We talk to the stars of Go Goa Gone, dubbed as Bollywood's first ever zombie comedy.
Go Goa Gone revives spooks with a spoof
"I kill dead people," says Boris, the pseudo-Russian zombie-slayer in Bollywood's latest comedy. The catchphrase is awfully reminiscent of "I see dead people" from the 1999 Hollywood film The Sixth Sense. Kunal Khemu, one of the lead actors and co-writers of Go Goa Gone, confirms that he did indeed borrow the line from fellow Indian M Night Shyamalan.
"I did it very intentionally," says Khemu. "It was meant to be a tribute in a slightly cheeky way."
Khemu was in Dubai on Thursday, the day Go Goa Gone was released in theatres across the UAE, along with his co-stars Puja Gupta and Saif Ali Khan (who is also a producer of the film, alongside Dinesh Vijan and Sunil Lulla), for promotional activities organised by Essar Events.
The events included a press conference at Grand Hyatt and an appearance at Ibn Battuta Mall, where fans got a chance to interact with the stars.
Zomcom, short for zombie comedy, is how the film's creators are labelling the movie, which follows a couple of friends on a trip to Goa, where excessive partying leads to more than just a hangover.
The boys, along with Boris (Ali Khan) and Luna (played by the Bollywood newbie Gupta), battle zombies.
Boris is the leader of this zombie-slaying crew. With a head of orange hair and one too many tacky tattoos, the look is perhaps the most distinctive since the one Ali Khan sported in the song White White Face inthe 2008 film Tashan.
He sighs as he recalls some of the trials of pulling the look together. "Initially I didn't want to wear a wig, so my hairdresser decided to bleach my hair. It went orange instead of yellow. Bits of it started to fall out, so we didn't bleach it again and just shot it like that. When we finished shooting, I had it dyed back to the original colour.
"We then realised that we needed me back with the bleached hair for some promotional stuff. That's where I drew the line," says the actor, running a hand through his lustrous mane.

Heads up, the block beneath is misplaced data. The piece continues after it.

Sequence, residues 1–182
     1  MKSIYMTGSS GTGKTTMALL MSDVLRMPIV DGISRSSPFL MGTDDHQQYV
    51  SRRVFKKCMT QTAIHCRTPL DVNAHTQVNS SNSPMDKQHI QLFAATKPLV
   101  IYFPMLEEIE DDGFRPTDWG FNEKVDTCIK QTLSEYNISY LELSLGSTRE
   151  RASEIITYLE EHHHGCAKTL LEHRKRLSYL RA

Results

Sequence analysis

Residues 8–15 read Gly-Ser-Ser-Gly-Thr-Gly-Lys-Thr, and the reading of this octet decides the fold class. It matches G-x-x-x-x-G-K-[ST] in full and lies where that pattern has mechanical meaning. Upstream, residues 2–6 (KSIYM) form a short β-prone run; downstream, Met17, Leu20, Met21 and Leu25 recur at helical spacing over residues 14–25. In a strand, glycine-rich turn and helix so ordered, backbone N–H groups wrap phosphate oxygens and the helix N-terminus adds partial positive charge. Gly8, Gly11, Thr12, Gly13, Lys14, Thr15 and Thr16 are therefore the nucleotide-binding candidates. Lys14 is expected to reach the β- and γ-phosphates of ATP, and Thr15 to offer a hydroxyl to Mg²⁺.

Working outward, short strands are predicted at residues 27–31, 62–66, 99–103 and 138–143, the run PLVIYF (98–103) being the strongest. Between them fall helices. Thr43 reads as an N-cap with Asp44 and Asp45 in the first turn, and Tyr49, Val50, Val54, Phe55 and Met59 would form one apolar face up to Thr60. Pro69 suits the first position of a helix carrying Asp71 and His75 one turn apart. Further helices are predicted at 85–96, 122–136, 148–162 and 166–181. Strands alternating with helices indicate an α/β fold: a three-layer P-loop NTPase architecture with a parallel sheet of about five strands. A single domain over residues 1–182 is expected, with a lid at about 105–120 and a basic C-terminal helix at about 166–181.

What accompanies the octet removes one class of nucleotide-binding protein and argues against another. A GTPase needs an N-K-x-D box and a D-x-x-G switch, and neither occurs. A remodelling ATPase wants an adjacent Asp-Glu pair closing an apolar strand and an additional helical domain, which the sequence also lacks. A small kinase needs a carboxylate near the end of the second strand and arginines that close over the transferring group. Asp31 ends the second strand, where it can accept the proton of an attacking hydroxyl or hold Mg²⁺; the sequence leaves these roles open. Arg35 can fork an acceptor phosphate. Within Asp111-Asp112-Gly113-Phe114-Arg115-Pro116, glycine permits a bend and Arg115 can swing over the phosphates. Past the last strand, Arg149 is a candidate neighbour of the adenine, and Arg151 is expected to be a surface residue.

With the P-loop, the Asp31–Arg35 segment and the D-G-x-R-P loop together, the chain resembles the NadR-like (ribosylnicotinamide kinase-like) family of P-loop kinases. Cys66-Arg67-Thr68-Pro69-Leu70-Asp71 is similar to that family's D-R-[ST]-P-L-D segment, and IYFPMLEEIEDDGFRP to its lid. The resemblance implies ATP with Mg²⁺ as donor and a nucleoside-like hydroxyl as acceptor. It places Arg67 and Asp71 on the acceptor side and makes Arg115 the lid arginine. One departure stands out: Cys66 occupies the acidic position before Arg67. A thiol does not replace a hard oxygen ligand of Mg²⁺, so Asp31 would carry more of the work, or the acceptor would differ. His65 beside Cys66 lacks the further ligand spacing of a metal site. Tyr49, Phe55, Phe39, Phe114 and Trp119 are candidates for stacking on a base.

"There was no way I was putting my hair through that again. I just wore a wig."
As co-producer of the film, Ali Khan has been hands-on for the first full-blown zombie film to come out of Bollywood.
"The mainstream audience is more familiar with chudayls and dayns [scary creatures typical to South Asian lore] and not so much with zombies. So we had the two-fold challenge," explains Ali Khan. "Firstly, we had to ease the audience into the concept of zombies. Secondly, we had to do it without dumbing down the zombies for those people who already knew what they were. Another point I stressed on the whole team was that if we are going to do this, we are going to do this right."
Experts were sourced from as far away as Australia and Spain for advice in areas including special effects, make-up and cinematography, particular for the horror sequences.
"Not only did that give us the best of the best working to make our zombies look perfect, but it also meant that our own local talent got the chance to see international experts work and learn from them. Next time around, we can just use them," says Ali Khan.
Talk of a sequel was already under way even before the film came out.
"We don't particularly have to have zombies in the sequel," says Ali Khan. "I'm even thinking of a spy film. Something along the lines of 'the world's worst spies' or something."
When asked to name his favourite zombie flick, Ali Khan admits that he's not a huge fan of zombies in particular. He struggles to name a favourite, but co-stars Gupta and Khemu jump in.
"My favourite is 28 Days Later," says Gupta. "Such a good film."
"Mine is Dawn of the Dead," says Khemu. "And Shaun of the Dead - it's probably got more in common with Go Goa Gone than any of the other zombie movies out there - with the comedy angle and all."
• Go Goa Gone is out in theatres across the UAE
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